Our money pays for all of it

Published 10:09 am Monday, April 6, 2009

A colleague in Spain writes he is trying to make sense of what he is reading about the economic crisis here and asks for my informal assessment. He relieves me of responsibility by qualifying with “informal,” because I really don’t know. I, too, am puzzled. My response, following, is not actually to answer his inquiry but to help both him and me to begin to think things through toward a working perspective. Please join us.

There has undoubtedly been greed at the top of real estate, financial institutions, and other corporations. This much is obvious and well documented. Less obvious and harder to measure and document is a different level of greed reaching to the very bottom. Greed, mind you, knows no socio-economic limitations. Individual consumers/employees made financial commitments in purchases by credit based on questionable ability to pay with both husband and wife working overtime. They took mortgages on houses that exceeded the recommended proportion of income. All that was needed for financial ruin was to cut back to just full-time hours. Worse if one lost a job.

Lenders pressed them to increase loan requests to the maximum, and borrowers fell for it. Not only could they not keep up with required payments, when they went to liquidate the property, they found its possible sale price had fallen beneath the balance due on their mortgage—if they could sell at all.

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They took second mortgages to pay for luxuries unrelated to sustainability. Some who had actually retired mortgages turned around and obtained another for the same reasons. Lenders have been socially irresponsible not only in allowing this foolishness but actually encouraging it. This would be judged criminal if the law hadn’t allowed it.

Not all lay-offs are straightforward responses to the current crisis, at least not yet. Fearing what may lie in the future, many have reassessed their employment structure and recognized years of unnecessary hires, which could be tolerated in better times but are not now worth the risk.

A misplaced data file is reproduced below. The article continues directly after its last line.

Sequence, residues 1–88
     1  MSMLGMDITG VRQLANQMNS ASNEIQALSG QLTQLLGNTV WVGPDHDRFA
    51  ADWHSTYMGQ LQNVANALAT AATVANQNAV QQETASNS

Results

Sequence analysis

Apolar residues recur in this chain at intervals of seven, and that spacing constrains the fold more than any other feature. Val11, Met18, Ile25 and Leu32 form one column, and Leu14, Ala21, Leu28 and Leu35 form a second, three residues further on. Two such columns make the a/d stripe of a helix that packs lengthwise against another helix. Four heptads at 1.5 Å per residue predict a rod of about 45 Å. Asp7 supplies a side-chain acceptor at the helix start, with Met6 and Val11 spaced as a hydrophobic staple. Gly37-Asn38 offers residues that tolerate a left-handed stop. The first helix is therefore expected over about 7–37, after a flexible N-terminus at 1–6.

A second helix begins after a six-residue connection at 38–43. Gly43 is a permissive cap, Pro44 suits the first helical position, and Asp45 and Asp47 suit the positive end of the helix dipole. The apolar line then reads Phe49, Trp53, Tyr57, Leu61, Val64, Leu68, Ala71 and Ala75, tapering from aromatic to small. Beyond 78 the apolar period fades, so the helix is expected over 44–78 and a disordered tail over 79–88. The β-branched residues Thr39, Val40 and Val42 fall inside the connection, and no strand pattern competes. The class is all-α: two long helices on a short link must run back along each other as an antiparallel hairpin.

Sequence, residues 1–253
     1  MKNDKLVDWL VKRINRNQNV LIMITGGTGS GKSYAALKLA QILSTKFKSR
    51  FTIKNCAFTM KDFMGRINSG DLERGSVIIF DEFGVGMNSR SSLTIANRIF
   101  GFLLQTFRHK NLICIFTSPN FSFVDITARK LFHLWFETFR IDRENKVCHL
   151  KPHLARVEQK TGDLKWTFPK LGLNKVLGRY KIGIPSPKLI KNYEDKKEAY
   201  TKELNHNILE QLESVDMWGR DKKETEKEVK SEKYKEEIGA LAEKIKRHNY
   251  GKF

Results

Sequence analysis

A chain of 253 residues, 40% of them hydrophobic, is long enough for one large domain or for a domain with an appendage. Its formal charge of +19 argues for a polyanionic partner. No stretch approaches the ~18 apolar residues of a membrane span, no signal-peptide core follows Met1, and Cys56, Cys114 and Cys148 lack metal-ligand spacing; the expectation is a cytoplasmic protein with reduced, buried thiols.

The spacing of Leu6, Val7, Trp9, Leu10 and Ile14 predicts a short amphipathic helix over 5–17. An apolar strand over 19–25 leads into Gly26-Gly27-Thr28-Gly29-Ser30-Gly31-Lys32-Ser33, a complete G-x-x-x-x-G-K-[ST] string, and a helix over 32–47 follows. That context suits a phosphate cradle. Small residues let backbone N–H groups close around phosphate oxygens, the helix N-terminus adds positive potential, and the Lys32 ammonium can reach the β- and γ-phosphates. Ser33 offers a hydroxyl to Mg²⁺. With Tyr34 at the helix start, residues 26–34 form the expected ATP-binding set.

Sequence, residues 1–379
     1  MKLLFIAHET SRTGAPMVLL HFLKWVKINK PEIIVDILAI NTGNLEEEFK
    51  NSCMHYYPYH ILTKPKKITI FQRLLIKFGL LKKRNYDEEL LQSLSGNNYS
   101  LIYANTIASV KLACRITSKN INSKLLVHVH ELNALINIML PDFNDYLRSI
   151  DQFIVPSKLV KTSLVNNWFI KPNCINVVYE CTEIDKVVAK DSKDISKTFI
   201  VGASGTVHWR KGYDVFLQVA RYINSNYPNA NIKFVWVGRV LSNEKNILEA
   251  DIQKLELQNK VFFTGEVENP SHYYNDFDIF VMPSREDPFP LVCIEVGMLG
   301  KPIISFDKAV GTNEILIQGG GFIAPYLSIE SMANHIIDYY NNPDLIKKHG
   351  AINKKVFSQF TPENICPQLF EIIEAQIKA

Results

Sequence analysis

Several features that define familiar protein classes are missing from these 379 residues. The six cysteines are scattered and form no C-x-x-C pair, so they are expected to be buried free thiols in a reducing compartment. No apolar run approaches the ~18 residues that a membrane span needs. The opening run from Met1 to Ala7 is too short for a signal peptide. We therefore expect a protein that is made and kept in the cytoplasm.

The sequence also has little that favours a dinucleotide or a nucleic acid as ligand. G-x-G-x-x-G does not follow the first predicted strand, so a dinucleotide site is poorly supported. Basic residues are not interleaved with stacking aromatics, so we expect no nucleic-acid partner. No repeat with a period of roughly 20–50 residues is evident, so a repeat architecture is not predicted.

They never actually needed this number of employees, but they indulged managers who received incomes related to the number of employees supervised. They exploit widespread lay-offs across the board as an excuse to cut out fat.

This might be smart management, but it breaks faith with promises made upon hiring.

Government has for several years been relaxing regulations on business that had been enacted to prevent or discourage exactly what is happening now. The Bush administration failed to recognize what was about to happen to the economy, but almost all the harmful relaxing of regulations began during the Clinton administration. The Obama administration is frantically attempting to shore up the economy by bail-outs. But it does not know what it is actually doing, what specific things might be achieved, or where this is going to lead. It is shooting from the hip almost at random and with eyes open no more than a squint.

None of the current corporate bail-outs will ever be paid for by the government, but by the people from whom it receives revenue: taxpayers. Us. Government is being “kind” to private businesses with your money and mine. It is just that government hasn’t yet told us how much we must pay and when.

Candidate Obama criticized President Bush, with a good deal of validity, for not having an exit strategy from the war in Iraq. I look for an exit strategy from Obama’s economic stimulus package.

Congress is posturing politically rather than acting creatively. Its members self-righteously scorn CEOs of doing what is only the corporate equivalent of the self-serving nonsense they have been doing right along.

The president is earnest and sincere, but he is no messiah.

We may be in the tribulation but there is no millennium in sight. We can’t count on the Lord’s return to save us, and we can’t even count on our income tax refunds.

That’s what it looks like from here and right now.

I’d love to be wrong.